Our understanding of the genetic mechanisms that underlie biological processes has relied extensively on loss-of-function (LOF) analyses. LOF methods target DNA, RNA or protein to reduce or to ablate gene function. By analysing the phenotypes that are caused by these perturbations the wild-type function of genes can be elucidated. Although all LOF methods reduce gene activity, the choice of approach (for example, mutagenesis, CRISPR-based gene editing, RNA interference, morpholinos or pharmacological inhibition) can have a major effect on phenotypic outcomes. Interpretation of the LOF phenotype must take into account the biological process that is targeted by each method. The practicality and efficiency of LOF methods also vary considerably between model systems. We describe parameters for choosing the optimal combination of method and system, and for interpreting phenotypes within the constraints of each method.
TRiP stocks contain a previously uncharacterized loss-of-function sevenless allele.” microPublication Biology. Publisher's Version. 4/4/2019. “
2018 Jun 18
2018 May 19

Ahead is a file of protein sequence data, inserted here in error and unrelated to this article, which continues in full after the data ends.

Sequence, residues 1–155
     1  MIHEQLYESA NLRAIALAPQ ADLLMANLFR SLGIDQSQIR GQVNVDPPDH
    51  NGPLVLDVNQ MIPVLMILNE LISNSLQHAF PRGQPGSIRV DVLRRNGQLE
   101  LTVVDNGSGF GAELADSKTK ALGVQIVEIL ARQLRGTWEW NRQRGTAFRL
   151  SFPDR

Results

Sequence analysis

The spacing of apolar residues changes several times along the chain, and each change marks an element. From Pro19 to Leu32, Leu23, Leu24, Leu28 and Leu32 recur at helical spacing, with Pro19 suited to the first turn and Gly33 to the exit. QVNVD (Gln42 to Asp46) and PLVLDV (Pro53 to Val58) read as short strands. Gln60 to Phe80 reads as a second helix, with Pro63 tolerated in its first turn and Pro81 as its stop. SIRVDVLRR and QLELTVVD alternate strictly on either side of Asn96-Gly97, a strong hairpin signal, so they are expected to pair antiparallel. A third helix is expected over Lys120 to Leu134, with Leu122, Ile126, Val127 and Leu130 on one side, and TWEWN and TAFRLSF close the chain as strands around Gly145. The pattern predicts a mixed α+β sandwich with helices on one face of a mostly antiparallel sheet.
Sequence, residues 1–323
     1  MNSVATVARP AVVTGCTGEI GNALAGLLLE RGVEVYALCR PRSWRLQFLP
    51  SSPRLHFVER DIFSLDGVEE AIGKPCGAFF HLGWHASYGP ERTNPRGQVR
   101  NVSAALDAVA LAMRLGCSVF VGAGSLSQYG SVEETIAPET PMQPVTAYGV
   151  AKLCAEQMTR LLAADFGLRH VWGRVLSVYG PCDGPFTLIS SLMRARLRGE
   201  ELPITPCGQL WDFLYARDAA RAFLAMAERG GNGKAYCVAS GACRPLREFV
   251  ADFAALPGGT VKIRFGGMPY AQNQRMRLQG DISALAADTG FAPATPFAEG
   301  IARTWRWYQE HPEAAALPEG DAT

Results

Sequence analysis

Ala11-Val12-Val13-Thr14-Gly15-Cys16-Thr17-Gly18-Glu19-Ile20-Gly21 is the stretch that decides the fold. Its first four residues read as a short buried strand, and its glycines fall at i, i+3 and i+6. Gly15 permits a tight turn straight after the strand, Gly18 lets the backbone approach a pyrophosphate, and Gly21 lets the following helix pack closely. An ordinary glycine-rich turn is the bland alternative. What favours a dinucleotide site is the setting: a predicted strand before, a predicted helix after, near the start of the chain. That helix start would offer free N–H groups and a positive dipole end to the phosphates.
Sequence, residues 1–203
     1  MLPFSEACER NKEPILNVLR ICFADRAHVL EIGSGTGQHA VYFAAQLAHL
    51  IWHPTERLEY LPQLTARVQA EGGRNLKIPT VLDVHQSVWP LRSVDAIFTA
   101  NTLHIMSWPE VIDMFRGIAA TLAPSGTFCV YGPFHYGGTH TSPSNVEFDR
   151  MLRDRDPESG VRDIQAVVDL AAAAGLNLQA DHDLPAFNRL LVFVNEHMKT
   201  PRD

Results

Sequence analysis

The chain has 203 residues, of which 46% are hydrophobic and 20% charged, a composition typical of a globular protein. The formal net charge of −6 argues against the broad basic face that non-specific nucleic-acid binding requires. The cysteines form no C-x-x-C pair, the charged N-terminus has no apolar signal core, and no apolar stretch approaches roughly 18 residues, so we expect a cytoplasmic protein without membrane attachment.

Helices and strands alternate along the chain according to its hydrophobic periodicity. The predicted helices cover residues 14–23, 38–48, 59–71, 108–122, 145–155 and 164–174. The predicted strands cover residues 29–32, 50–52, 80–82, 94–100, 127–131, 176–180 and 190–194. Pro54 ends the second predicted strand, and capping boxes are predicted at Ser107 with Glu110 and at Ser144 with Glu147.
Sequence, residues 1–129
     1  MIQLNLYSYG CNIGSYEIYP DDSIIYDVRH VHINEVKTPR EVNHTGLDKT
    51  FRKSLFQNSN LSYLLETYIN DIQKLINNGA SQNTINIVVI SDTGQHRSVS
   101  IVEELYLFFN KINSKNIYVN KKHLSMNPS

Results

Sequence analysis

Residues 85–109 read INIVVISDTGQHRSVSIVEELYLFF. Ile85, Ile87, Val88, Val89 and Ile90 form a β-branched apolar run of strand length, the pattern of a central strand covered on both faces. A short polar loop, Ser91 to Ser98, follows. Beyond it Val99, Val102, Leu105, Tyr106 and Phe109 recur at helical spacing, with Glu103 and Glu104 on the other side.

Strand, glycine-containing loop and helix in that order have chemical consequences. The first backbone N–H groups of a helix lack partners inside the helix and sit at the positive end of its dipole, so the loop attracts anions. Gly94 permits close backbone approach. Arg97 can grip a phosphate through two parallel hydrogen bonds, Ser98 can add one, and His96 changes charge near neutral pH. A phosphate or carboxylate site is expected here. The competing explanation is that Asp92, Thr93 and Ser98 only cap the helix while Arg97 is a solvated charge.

2018 Apr 13
Accessing the Phenotype Gap: Enabling Systematic Investigation of Paralog Functional Complexity with CRISPR.” Dev Cell, 43, 1, Pp. 6-9.Abstract. 10/9/2017. “
Single-gene knockout experiments can fail to reveal function in the context of redundancy, which is frequently observed among duplicated genes (paralogs) with overlapping functions. We discuss the complexity associated with studying paralogs and outline how recent advances in CRISPR will help address the "phenotype gap" and impact biomedical research.
2017 May 10
Loss-of-function genetic tools for animal models: cross-species and cross-platform differences.” Nat Rev Genet. Publisher's VersionAbstract. 10/31/2016. “
2017 Mar 29
Drosophila research resources at the DRSC and TRiP.” Presentation to the Boston Area Drosophila Meeting (Sept. 2016).. 9/23/2016. “
2016 Sep 23